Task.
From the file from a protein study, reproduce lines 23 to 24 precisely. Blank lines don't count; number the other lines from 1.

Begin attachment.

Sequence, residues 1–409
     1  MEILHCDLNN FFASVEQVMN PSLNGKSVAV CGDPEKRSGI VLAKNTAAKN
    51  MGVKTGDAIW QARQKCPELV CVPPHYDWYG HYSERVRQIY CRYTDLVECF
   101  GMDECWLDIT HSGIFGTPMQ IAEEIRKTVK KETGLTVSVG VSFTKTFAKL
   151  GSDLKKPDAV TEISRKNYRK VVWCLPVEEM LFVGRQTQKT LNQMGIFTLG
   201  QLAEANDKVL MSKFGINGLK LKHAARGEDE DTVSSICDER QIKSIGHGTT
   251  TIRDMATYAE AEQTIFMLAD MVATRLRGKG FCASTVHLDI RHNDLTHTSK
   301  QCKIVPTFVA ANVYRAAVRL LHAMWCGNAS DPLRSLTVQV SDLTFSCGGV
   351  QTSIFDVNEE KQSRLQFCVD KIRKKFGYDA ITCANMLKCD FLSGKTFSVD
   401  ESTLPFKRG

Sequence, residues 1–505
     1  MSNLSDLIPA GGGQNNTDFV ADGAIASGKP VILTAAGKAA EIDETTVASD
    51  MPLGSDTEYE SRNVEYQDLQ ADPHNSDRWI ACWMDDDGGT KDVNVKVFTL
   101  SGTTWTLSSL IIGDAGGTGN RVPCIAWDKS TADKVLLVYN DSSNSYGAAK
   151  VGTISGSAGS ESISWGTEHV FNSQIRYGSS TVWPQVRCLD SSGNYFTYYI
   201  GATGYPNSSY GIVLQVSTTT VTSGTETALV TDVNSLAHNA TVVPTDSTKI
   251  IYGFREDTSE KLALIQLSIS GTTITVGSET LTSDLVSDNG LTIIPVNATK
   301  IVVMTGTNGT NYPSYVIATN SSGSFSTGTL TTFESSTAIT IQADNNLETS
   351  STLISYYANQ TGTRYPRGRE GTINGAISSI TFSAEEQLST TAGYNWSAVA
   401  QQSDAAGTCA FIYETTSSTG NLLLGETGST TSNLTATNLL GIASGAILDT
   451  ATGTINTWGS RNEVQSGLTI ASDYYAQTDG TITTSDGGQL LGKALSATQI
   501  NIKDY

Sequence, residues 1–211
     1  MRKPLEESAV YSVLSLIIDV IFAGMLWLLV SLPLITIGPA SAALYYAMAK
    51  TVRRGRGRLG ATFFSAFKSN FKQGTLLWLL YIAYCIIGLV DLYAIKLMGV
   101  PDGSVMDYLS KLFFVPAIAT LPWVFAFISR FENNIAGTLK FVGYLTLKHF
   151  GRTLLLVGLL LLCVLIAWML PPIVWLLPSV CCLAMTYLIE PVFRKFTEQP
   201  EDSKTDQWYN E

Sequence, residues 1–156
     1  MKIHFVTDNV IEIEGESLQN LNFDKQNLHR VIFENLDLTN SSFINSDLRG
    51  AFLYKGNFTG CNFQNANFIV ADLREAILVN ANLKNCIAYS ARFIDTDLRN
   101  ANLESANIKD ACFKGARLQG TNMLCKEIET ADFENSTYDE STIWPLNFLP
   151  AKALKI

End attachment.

Sequence, residues 1–211
     1  MRKPLEESAV YSVLSLIIDV IFAGMLWLLV SLPLITIGPA SAALYYAMAK